#TheList Gwen Richardson, born 10/01/1961, of Hay Drive, Niddrie, Edinburgh EH16 – failed to treat her elderly dog’s serious skin disease and cancerous lumps
Gwendoline Richardson was prosecuted for cruelty to her 14-year-old dog Max following a Scottish SPCA investigation.
She allowed the dog to develop a serious skin condition and growths over the course of five years without seeking veterinary treatment.
Richardson admitted the offence at under Section 19 (2) (a) and (b) of the Animal Health and Welfare (Scotland) Act 2006 but was admonished.
Scottish SPCA chief inspector Paul Anderson said: “A member of the public contacted our animal helpline after becoming concerned about Max’s condition.
“We attended Richardson’s address and examined Max. He had extensive hair loss from ribs to tail plus several lumps on his body, the most prominent being a tumour on his spine.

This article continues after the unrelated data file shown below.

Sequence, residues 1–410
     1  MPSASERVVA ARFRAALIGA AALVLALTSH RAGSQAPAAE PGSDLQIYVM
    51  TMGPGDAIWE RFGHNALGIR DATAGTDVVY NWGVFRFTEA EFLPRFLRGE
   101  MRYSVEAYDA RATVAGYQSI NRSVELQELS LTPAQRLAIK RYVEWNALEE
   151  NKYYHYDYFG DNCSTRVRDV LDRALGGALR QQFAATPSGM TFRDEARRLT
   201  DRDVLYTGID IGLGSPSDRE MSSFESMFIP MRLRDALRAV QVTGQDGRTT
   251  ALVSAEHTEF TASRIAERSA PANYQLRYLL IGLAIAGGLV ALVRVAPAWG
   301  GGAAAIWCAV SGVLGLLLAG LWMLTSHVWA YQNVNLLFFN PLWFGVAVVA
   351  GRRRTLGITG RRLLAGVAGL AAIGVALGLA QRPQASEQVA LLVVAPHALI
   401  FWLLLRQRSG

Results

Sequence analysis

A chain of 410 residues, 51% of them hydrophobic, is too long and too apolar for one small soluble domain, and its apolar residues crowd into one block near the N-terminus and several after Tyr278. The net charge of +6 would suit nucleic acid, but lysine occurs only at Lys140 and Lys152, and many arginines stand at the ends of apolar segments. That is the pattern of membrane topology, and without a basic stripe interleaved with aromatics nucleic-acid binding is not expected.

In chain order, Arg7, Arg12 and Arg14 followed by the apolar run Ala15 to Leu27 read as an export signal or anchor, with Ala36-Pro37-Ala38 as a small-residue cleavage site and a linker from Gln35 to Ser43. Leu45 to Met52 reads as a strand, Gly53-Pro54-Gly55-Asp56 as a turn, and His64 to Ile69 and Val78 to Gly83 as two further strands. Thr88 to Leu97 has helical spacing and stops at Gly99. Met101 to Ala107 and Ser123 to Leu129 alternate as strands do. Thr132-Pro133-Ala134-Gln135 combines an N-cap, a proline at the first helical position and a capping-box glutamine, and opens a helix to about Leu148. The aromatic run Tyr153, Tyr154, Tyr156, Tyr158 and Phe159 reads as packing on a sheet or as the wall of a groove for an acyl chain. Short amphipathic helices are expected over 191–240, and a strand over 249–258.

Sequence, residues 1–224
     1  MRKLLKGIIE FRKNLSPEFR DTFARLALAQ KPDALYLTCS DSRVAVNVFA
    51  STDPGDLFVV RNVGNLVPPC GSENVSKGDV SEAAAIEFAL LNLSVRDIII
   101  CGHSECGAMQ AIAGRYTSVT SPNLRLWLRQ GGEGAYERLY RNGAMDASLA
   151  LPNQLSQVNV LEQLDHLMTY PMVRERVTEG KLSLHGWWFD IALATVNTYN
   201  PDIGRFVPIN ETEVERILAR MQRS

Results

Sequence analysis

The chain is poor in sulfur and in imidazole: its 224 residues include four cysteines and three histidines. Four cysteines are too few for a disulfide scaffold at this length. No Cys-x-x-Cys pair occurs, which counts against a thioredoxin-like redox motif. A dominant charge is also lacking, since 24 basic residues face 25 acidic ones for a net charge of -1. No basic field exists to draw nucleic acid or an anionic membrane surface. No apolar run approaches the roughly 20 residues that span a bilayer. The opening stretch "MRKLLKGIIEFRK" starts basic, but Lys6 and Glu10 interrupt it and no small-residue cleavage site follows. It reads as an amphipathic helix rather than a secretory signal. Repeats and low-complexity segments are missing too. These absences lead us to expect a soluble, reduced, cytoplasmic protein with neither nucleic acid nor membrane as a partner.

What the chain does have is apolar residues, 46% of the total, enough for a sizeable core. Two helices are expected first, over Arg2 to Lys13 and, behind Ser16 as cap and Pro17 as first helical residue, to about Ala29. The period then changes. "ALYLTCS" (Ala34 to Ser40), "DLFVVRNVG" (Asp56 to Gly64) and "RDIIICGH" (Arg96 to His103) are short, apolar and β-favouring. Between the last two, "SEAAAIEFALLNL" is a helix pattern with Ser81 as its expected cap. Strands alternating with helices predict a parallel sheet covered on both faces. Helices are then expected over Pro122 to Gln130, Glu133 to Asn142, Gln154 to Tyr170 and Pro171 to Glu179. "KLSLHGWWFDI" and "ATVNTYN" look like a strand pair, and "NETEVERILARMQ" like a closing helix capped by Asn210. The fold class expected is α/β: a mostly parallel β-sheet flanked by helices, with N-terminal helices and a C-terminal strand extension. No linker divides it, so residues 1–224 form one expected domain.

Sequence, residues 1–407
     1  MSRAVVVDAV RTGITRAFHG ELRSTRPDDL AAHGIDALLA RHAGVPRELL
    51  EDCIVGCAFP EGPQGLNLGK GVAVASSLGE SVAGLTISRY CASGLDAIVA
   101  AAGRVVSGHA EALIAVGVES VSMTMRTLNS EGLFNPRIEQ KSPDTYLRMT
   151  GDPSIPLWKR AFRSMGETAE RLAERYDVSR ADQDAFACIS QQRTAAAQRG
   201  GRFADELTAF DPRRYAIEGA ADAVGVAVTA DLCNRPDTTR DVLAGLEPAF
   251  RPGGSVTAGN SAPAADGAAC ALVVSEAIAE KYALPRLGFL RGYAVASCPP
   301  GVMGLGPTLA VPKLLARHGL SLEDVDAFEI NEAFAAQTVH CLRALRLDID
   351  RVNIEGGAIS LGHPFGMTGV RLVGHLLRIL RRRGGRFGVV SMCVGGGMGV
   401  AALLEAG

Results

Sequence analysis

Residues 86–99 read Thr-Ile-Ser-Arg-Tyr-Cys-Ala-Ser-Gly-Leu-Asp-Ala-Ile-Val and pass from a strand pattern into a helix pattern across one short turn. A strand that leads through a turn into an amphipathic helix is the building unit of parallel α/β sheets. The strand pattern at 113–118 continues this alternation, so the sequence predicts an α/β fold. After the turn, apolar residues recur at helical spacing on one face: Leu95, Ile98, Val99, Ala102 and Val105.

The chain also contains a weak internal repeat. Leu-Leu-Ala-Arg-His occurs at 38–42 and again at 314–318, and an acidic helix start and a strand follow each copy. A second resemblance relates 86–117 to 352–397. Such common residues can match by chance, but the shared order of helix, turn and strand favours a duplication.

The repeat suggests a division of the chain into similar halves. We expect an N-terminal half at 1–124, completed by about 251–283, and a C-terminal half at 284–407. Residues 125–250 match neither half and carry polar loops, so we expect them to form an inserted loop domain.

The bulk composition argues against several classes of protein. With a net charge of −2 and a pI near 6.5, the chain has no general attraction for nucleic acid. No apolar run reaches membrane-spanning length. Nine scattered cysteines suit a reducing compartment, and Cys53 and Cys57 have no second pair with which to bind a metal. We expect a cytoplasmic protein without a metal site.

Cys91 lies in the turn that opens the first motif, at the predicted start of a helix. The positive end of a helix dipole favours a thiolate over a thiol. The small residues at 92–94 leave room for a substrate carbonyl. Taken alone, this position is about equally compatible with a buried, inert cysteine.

“While we were there, Richardson told us she hadn’t taken Max to the vet for around five years.
“It was clear that Max’s chronic skin condition and growths needed urgent veterinary attention.
“We removed the dog from the premises and immediately took him to a vet.
“The examination revealed he had severe skin disease with associated hair loss and thickening of the skin.
“The lumps did not cause Max any discomfort when manipulated. He also had an infection in both ears which was most likely a flea infection with secondary yeast infection.
“Max was taken to one of our animal rescue and rehoming centres to receive the care and medication he needed.
“Sadly, on veterinary advice, Max had to be put to sleep due to a cancerous lump in his jaw.
“We’re disappointed Richardson did not receive a sentence in this case but we are pleased she was found guilty of causing unnecessary suffering to Max.
“We hope this makes her think about her ability to care for animals in the future.”
Sentencing: admonition (a type of punishment by which an accused person will be discharged after warning him/her that if the offense is committed again s/he would be punished with severity). No ban.